Wireless routers make it very easy to share your high speed Internet connection with guests and family members. They also make it easy to use your laptop or mobile devices in any room in the house without running cables all over the place.
But if you live in a large house and/or have multiple devices all using the Internet at the same time, chances are your Wi-Fi connection is weaker and slower than it could be due to obstructions, distance and bandwidth limitations.
The good news is you don’t have to live with a slow or range-limited wireless network. There are several things you can do to extend the range of your wireless router’s Wi-Fi signal, boost your connection speed and make your Wi-Fi network more secure:
1 – If you have a large house, try moving the router to a room that’s located more or less in the center of it. If for some reason you are unable to move the router closer to the center of your home, adding a Wi-Fi range extender or second router could help extend both wireless and wired connections to the far reaches of your home.
Note: If you decide to add a second router, most any inexpensive wireless router will do the trick as long as it supports the latest encryption standards.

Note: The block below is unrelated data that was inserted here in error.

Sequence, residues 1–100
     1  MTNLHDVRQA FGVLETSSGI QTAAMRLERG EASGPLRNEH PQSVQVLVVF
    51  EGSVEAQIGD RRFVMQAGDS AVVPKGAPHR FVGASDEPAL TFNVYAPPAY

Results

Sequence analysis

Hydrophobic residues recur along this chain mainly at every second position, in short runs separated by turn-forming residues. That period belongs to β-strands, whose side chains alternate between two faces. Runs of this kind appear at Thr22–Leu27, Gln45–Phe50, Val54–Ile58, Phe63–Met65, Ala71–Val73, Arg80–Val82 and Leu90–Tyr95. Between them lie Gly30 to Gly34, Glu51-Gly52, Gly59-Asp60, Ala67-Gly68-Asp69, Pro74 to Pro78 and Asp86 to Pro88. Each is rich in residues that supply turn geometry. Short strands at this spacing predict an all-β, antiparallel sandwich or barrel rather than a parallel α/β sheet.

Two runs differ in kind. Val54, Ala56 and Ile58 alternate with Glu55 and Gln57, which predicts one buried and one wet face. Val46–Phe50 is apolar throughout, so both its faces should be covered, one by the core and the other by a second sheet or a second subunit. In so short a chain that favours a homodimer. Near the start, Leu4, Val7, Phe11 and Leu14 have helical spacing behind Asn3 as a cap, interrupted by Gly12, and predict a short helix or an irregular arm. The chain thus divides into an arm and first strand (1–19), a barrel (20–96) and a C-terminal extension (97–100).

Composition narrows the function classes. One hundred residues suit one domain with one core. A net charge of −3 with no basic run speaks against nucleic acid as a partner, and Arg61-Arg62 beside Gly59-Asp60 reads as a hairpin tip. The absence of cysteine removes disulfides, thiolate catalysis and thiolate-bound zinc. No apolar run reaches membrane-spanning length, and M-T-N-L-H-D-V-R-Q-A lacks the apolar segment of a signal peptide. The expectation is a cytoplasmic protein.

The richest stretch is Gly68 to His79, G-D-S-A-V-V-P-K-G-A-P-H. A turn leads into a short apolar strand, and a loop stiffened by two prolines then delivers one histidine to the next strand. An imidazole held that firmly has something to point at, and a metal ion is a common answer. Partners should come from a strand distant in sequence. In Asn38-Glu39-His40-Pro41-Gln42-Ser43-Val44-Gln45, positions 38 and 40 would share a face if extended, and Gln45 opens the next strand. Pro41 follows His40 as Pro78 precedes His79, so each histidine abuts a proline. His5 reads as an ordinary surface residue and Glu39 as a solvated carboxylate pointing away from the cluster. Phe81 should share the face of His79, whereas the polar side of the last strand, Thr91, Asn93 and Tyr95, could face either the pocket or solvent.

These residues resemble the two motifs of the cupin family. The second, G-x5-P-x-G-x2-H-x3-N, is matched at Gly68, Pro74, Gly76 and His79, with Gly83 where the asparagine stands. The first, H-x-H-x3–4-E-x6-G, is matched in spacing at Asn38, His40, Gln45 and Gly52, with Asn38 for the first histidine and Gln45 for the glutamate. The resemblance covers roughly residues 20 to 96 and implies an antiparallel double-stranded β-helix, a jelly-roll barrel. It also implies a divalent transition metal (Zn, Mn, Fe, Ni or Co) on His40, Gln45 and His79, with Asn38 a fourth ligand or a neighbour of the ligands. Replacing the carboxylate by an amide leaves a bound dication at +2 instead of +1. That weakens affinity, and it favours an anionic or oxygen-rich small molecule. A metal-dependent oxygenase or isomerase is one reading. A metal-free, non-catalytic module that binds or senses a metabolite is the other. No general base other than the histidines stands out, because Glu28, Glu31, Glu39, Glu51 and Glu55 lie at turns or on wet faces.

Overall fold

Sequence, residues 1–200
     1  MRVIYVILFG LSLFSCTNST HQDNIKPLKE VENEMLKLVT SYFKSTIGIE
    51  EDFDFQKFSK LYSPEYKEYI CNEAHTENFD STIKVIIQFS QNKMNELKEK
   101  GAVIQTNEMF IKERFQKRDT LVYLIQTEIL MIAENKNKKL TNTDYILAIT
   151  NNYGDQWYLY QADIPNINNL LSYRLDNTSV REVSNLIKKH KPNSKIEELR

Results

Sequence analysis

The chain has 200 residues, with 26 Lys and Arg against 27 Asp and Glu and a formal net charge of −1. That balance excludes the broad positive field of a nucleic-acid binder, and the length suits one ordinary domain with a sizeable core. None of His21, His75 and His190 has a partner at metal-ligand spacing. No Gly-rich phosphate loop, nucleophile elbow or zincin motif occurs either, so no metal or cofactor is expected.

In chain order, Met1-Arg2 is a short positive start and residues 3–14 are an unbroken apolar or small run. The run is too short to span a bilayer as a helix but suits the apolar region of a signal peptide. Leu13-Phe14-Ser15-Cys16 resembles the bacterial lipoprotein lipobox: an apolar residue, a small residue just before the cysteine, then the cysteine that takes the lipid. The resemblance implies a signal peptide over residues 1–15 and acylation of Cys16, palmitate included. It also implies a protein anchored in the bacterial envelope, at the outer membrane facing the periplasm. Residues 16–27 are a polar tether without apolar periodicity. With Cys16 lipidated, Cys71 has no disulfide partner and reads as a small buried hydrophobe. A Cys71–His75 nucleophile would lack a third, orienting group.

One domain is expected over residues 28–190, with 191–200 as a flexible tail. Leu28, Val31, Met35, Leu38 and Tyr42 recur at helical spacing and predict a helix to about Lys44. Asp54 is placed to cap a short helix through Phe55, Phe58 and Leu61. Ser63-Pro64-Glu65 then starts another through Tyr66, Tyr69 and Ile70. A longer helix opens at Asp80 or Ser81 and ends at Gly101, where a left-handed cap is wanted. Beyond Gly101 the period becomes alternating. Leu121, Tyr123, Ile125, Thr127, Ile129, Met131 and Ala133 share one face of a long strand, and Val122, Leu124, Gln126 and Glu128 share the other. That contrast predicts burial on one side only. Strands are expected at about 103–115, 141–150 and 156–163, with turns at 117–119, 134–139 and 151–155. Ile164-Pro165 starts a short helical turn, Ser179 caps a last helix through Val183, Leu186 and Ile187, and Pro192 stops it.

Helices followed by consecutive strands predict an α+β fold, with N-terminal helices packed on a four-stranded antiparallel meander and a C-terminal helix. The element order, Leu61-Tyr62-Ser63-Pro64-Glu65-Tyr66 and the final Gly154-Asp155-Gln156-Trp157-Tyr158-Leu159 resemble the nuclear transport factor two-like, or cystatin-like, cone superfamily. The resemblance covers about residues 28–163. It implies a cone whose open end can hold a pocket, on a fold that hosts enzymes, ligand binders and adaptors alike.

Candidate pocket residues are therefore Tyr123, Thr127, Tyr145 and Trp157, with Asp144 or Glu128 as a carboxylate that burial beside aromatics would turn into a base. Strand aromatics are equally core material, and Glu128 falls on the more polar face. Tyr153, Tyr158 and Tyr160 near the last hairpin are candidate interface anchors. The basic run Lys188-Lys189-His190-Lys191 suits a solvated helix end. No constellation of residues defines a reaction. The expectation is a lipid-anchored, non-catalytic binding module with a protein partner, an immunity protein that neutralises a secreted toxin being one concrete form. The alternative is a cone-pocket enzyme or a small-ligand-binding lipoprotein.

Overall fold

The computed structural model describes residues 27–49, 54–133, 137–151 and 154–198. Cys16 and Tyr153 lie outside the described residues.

If one or more of your devices is a desktop PC that doesn’t have built-in wireless capability, you can always add it by purchasing a USB Wi-Fi adapter. The nominal expense will be well worth it after you blanket your the entire house with a strong Wi-Fi signal.
2 – Once you have selected the best room to house your router, place it on a high shelf to prevent furniture and other household items from blocking the Wi-Fi signal.
3 – If your router is located in close proximity to one or more computers (including laptops), connect them to the router via a LAN cable. This will free up the available Wi-Fi bandwidth for use by those devices that MUST connect wirelessly.
4 – Try changing the router’s channel to one that is less congested (the procedure for doing this varies by manufacturer and model so you’ll need to consult your manual for instructions).
5 – Make sure your router has the latest firmware update installed (again, consult the manual for instructions – and follow them to the letter).
6 – If your router is more than two years old, consider replacing it with a new one in order to take advantage of newer, faster and more secure technologies.
7 – Set up your router to use a secure, encrypted connection and add a secure, yet easy to remember password (network key) in order to keep freeloaders from piggy-backing off your Wi-Fi connection and clogging up the “data pipe”.
You don’t have to try all of the above, but the more of them that you can complete the more satisfaction you’re likely to receive from your Wi-Fi connection.
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